Investigation of the recyclability of applications involving MgO cement
Lim, Chin Haow
Date of Issue2016
School of Civil and Environmental Engineering
Ordinary Portland Cement (OPC) is the most popular binder used in construction industry. However, the manufacturing process of OPC has led to some negative environmental impacts, therefore a more environmental friendly alternative to OPC is most welcomed. Reactive MgO cement has been considered a serious contender in this regard as it has a lower clinkering temperature, ability to sequester CO2 in the curing process and can be fully recycled when it is used as the only binder for cement product through calcination. Water-to-cement (w/c) ratio can affect the unconfined compressive strength (UCS), porosity and density of the cement product. For the initial mix containing 53% sands, 37% gravel and 10% MgO cement by weight, it was found that porous blocks prepared from the mix with w/c ratio 1.0 achieved highest 3-day strength and maintained high strength throughout the 28 days curing duration. Porous blocks with w/c ratio 1.1 gave the highest strength for prolonged curing but sign of bleeding was observed in the casting process, which lead to a heterogeneous mix that can affect the quality of the porous blocks. Thus, w/c ratio 1.0 was chosen to be the optimum w/c ratio for the initial mix with aforementioned composition. Calcination can be used to recycle MgO cement. However, it was found that porous blocks made with recycled mix after first round of calcination at 900oC for 4 hours had lower UCS than initial mix. Further strength reduction was observed after second round of calcination. One of the key observations after calcination was the size reduction of aggregates. Sieve analysis revealed that not only coarse aggregate has reduced in size, the total amount of finest particle (MgO cement) that passed through 75 µm sieve has reduced as well. Thus, the strength loss observed in recycled mix could be correlated with: (i) the size reduction of aggregate, (ii) the formation of weak Interfacial Transition Zone (ITZ) around aggregate, (iii) the reduction of free MgO cement content as some of the MgO cement has entrapped in ITZ and (iv) the change of MgO cement reactivity after calcination. No further strength loss and significant size reduction of aggregates were observed in the subsequent calcination. Study to enhance the separation between MgO cement paste and aggregate in order to increase the amount of recycled MgO cement collected was done using preheating at 200oC – 400oC and mechanical separation method, without breaking the aggregate into powder form. MgO cement has the potential to be a more environmentally friendly alternative to OPC. For MgO cement to be more widely utilized, further study has to be done and the advantages of using MgO cement over conventional OPC have to be well advertised to provide confidence to the industry.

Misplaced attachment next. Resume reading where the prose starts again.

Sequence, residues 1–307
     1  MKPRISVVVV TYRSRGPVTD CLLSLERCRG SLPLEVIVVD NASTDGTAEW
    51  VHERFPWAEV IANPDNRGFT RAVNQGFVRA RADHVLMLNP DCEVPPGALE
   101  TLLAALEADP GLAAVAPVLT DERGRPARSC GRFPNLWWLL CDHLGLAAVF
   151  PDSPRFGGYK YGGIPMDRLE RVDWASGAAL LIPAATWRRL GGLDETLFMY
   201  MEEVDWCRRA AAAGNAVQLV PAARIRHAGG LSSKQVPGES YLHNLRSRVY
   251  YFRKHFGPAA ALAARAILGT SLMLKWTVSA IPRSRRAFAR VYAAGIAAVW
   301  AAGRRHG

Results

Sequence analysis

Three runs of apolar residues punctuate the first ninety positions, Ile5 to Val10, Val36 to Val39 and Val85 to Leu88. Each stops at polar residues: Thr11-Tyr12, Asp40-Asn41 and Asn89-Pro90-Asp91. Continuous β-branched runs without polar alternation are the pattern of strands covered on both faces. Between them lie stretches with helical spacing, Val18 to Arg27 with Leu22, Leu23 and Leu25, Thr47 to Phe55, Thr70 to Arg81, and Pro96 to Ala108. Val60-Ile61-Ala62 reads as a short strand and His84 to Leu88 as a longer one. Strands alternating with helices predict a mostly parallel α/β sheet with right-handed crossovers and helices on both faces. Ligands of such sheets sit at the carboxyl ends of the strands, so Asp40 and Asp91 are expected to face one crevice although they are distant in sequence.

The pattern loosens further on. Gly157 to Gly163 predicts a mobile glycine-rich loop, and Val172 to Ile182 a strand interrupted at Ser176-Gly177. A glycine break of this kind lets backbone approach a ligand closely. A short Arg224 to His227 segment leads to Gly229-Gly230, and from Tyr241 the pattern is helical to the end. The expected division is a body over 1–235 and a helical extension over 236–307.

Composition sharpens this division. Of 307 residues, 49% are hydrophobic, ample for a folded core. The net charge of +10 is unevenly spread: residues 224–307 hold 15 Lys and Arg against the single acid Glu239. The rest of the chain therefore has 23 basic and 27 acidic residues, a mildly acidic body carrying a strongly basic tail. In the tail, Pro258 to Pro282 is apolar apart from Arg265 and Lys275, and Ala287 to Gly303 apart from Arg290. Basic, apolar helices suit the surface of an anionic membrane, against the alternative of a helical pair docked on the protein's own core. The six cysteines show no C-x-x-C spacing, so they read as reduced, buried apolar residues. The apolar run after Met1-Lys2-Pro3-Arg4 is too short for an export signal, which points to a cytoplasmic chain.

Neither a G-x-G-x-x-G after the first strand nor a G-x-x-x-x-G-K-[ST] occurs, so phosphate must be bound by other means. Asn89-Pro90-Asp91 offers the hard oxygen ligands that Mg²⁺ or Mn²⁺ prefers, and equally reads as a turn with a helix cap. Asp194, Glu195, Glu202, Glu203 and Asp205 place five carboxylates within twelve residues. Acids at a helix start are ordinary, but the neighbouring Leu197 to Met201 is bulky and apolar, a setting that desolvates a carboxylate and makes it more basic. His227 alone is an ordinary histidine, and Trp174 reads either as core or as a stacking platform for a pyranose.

DRNTU::Engineering::Civil engineering::Construction technology
Final Year Project (FYP)
Nanyang Technological University